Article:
Educator's Guide to
Post-Traumatic Stress Disorder in Children
By Leah Davies, M.Ed.
Post-Traumatic Stress Disorder (PTSD) in children is a disabling condition that follows a terrifying event that a child learned about, witnessed or experienced. Some examples are motor vehicle accidents, plane crashes, violent attacks, sexual abuse, kidnapping, murder, suicide, illness, death, riot, war or a natural disaster. Children who have suffered any form of abuse or who have had other previous traumatic experiences are more likely to develop this condition.
PTSD can happen at any age and can occur suddenly or develop gradually. The symptoms usually appear within the first three months after a traumatic event. For a PTSD diagnosis, the symptoms need to last more than a month. (For Diagnostic Criteria, view PTSD Support Services.) Symptoms may continue for years, or decrease and return later after an event triggers unpleasant memories.
According to the National Center for PTSD, there are three factors that increase the risk of a child developing PTSD. They are: how severe the traumatic event is, the parental reaction to it, and the physical proximity of the child to the event. Children who have experienced the most severe traumas are at the greatest risk. When the families of distressed children are supportive and/or when children are further removed from the trauma, they are less likely to exhibit symptoms of PTSD.
PTSD symptoms in children can include:
- recurring nightmares
- intense vigilance
- separation anxiety
- change in school performance
- emotional numbness
- social withdrawal
- lost of interest in activities
- angry outbursts
- difficulty concentrating
- worry for others
- physical complaints
Children with PTSD often have persistent, frightening thoughts and are preoccupied with danger. They may reenact the traumatic event in repetitive play, retell it often, or use art to illustrate what happened. However, unlike most children, their reactions are compulsive and do not seem to reduce their level of anxiety.
Some children are able to recover from a traumatic event by themselves, while others cannot. Children with severe symptoms can recover by participating in therapy with trained mental health professionals who have expertise in treating PTSD victims. Medication to alleviate serious symptoms may be prescribed by a psychiatrist. Taking medicine can assist children in coping with school and other daily living activities while treatment continues. Support groups or group therapy can be useful in helping children learn that they are not the only ones who have PTSD. Groups also provide a safe atmosphere in which children can share personal feelings.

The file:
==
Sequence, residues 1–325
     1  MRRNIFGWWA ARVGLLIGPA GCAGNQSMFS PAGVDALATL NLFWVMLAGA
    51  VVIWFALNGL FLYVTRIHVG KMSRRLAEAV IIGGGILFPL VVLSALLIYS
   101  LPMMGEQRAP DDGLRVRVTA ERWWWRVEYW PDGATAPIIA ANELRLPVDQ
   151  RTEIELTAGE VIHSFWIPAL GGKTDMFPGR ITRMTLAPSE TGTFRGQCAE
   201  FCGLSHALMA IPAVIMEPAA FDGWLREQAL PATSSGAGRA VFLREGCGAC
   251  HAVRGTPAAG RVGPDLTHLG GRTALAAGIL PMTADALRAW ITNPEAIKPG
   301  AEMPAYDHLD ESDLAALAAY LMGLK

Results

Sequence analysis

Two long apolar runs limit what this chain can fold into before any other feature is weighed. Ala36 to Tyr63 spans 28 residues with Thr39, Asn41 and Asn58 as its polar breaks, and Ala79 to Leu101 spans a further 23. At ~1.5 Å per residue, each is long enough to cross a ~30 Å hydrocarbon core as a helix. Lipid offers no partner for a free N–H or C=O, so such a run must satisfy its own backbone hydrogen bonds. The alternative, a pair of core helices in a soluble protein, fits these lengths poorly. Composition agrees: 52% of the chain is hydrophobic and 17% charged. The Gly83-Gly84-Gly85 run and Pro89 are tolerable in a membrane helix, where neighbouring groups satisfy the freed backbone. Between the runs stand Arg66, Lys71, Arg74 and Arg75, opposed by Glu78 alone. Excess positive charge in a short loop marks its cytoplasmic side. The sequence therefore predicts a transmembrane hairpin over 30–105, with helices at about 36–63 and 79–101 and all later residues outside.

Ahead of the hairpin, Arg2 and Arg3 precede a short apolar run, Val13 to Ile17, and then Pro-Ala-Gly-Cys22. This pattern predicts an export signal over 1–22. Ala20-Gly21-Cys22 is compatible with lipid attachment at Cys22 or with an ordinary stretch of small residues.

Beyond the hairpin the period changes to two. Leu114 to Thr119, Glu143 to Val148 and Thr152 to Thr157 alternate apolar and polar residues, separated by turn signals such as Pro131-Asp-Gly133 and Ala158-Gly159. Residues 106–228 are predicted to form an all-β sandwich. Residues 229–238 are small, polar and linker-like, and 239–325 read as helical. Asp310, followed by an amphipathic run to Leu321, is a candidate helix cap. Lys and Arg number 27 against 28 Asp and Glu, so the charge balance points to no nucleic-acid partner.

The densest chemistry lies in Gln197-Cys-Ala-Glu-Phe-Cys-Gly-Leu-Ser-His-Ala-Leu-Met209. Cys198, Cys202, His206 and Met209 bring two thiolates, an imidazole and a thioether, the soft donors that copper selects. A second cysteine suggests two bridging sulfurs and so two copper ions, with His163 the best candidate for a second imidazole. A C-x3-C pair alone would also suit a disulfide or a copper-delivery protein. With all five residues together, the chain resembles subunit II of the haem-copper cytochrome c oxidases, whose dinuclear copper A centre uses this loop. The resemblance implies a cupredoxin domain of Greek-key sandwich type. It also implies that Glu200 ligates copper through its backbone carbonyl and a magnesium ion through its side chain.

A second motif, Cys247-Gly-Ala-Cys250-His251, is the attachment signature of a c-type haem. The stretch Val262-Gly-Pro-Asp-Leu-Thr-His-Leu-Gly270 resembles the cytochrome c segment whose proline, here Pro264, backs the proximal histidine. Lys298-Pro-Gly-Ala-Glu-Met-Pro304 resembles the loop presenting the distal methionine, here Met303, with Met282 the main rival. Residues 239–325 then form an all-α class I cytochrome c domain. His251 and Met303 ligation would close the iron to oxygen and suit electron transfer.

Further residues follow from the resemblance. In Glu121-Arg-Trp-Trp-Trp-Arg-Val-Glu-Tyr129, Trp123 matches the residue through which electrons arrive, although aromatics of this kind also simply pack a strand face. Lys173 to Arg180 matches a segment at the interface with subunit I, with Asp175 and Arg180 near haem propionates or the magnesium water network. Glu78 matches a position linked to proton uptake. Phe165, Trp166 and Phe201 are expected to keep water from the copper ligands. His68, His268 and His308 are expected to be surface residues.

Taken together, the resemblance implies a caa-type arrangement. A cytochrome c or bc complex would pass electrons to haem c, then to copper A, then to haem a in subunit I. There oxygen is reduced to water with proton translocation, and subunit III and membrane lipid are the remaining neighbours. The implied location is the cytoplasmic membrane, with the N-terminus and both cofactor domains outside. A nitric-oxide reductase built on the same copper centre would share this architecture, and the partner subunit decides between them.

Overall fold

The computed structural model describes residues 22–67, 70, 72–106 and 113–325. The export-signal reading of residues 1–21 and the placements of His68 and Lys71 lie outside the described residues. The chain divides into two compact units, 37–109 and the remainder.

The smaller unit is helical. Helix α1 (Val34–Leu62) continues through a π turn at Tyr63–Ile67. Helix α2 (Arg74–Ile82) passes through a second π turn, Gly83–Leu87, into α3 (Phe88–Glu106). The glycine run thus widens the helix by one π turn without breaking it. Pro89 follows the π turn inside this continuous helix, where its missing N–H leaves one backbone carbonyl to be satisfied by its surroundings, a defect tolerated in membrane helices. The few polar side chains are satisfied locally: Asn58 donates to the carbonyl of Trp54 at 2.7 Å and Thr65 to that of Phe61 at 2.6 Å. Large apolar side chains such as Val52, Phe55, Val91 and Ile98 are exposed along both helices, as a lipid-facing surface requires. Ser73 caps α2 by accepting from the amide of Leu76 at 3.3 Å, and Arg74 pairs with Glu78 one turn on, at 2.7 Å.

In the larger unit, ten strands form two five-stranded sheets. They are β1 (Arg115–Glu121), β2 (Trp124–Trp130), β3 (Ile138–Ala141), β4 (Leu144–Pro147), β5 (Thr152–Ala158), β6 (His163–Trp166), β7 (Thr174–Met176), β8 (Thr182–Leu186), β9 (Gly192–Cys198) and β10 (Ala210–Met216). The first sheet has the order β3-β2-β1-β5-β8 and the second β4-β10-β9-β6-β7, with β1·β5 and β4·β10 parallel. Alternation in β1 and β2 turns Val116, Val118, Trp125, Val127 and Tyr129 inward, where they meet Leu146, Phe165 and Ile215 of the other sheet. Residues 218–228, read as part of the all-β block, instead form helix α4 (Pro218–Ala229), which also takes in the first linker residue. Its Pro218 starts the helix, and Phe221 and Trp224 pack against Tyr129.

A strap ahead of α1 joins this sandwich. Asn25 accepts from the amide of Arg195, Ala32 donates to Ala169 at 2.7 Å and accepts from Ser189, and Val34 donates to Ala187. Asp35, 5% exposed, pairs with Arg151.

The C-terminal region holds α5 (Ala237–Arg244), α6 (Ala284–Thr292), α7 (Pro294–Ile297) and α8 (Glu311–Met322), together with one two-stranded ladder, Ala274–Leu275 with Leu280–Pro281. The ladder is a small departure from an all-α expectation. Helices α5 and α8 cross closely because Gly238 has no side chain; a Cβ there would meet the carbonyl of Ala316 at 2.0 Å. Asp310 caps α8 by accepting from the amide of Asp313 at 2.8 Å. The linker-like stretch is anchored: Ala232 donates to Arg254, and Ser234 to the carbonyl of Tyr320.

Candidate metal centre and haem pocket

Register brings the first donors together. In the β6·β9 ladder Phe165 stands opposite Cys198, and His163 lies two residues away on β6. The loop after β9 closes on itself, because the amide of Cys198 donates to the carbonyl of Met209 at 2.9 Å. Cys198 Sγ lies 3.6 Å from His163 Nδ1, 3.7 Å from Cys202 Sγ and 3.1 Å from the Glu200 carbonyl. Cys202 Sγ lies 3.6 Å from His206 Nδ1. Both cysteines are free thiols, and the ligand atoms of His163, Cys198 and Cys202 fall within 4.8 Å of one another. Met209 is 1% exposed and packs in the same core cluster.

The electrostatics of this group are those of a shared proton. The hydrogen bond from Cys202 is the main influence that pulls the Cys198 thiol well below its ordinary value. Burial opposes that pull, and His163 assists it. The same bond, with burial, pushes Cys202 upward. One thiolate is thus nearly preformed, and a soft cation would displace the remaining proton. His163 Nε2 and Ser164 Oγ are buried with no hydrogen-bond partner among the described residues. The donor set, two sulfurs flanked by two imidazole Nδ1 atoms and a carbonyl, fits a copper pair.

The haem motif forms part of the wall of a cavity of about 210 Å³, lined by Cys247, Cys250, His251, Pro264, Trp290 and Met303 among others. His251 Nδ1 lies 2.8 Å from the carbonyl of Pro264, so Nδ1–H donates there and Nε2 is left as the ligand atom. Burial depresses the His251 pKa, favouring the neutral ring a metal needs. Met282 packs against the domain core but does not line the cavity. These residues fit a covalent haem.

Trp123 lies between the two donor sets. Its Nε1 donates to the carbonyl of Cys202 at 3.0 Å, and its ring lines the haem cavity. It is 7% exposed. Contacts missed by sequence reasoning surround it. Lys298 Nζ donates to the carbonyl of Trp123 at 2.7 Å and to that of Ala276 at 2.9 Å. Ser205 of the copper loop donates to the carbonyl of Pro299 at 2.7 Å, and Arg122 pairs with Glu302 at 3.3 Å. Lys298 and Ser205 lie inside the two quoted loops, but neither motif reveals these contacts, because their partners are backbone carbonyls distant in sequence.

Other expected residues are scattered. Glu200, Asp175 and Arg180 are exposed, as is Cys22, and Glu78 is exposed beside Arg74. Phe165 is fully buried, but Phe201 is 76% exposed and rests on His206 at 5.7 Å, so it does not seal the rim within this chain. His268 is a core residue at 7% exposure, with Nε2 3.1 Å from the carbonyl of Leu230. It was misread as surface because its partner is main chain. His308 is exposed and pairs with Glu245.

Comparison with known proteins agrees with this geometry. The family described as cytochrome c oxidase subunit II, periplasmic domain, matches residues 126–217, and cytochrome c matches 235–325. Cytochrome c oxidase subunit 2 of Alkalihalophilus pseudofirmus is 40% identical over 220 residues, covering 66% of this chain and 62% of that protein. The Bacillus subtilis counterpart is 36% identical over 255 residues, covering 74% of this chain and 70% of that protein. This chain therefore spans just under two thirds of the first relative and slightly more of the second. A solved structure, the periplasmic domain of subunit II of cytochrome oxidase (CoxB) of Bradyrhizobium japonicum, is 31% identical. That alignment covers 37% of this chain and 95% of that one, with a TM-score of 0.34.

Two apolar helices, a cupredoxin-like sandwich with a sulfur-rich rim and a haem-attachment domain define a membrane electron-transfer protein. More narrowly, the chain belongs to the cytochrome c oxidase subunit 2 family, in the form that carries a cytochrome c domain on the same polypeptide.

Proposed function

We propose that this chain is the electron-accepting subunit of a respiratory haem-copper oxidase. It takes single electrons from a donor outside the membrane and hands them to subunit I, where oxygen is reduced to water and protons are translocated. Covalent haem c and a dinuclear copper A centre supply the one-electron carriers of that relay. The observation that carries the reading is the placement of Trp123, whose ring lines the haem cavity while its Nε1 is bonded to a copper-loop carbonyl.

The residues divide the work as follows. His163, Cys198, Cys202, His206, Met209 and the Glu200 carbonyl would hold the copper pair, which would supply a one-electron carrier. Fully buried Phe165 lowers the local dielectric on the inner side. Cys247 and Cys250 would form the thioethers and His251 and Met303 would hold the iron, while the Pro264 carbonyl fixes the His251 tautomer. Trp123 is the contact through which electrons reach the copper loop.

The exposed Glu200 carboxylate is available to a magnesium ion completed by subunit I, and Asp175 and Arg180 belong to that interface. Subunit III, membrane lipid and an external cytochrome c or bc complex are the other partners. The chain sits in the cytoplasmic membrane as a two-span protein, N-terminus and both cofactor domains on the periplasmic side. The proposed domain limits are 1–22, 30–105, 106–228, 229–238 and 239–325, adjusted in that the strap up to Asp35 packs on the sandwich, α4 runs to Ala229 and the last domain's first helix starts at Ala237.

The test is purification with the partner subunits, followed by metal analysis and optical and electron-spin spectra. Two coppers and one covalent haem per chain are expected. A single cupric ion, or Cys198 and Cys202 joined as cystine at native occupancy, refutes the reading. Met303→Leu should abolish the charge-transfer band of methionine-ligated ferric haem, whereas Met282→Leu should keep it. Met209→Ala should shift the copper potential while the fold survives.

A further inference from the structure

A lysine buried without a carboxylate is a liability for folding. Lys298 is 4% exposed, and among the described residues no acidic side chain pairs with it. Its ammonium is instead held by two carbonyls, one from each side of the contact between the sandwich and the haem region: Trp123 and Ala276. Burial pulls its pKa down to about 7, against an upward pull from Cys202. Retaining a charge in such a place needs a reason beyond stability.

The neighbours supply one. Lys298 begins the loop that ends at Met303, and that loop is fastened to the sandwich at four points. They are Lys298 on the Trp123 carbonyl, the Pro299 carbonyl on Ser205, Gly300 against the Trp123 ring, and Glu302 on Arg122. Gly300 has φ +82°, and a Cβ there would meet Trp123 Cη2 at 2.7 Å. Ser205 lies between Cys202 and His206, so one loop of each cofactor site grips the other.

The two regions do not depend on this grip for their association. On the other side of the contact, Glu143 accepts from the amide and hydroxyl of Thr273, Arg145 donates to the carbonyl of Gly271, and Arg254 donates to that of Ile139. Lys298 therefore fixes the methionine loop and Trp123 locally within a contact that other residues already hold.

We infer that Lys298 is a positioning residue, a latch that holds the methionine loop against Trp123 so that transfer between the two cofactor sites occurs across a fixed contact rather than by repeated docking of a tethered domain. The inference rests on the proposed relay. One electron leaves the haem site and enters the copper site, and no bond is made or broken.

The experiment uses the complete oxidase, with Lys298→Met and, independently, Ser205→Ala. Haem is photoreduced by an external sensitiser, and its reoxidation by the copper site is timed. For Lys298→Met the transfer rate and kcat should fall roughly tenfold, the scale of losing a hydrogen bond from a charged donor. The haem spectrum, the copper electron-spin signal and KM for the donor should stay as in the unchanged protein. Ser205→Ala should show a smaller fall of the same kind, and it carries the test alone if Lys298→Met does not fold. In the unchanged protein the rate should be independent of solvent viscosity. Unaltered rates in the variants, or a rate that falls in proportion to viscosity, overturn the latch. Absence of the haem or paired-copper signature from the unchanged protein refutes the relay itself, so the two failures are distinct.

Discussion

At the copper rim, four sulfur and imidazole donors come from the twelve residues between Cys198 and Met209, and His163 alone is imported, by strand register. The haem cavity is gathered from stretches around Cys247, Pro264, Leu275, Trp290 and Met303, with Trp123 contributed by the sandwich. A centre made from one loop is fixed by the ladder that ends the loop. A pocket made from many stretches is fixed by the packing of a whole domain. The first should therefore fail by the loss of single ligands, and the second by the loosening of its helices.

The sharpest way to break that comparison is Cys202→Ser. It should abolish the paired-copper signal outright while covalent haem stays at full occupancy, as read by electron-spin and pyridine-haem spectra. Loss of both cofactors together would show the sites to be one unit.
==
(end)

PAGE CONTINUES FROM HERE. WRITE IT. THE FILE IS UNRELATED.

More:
A child's teacher and/or school counselor can play an important role in recognizing and facilitating a childs recovery from a severe traumatic event. Although it is usually necessary to seek outside professional help, consider these ideas for providing support to the child and the child's parents if you suspect PTSD:
Help the Child at School
- Provide a familiar, calm, consistent environment
- Create an atmosphere in which the child feels safe to reenact or discuss a trauma, or express his or her feelings without judgment -- yet do not pressure the child to do so
- Be aware of certain activities that may trigger the childs anxiety or regression and safeguard against them
- If you suspect that the child is a danger to him or herself or others, seek help immediately
Elicit Parental Cooperation
- After observing and recording the child's behaviors, share the information with the parent
- Listen to the parent's ideas concerning the child and any exposure he or she may have had to a traumatic event * If deemed appropriate, encourage the parent to seek a professional opinion concerning the child's condition
Ways To Help a Parent
- Stress that the parent should consider the child's developmental level when discussing a traumatic event
- State the importance of keeping a child's routine as normal as possible, and that the child may need extra love, support and reassurance to feel safe
- Encourage the parent to listen if the child wants to talk, but not to force him or her to do so
- Stress the importance of reassuring a child that his or her feelings are normal
- Emphasize that the child needs to hear that he or she is not to blame for what happened
- Comment that distressed children often exhibit regressive behaviors such as those of a younger child, so being critical of a child's immature actions could be detrimental
- Since feeling out-of-control is a common symptom, propose that the parent provide opportunities for the child to make simple decisions for him or herself
- If the parent seems distraught, suggest that he or she try to find emotional support, so that the parent can be available to help the child
- Keep lines of communication open between the parent and school personnel
Used by permission of the author, Leah Davies, and selected from the Kelly Bear website [www.kellybear.com]. 11/02
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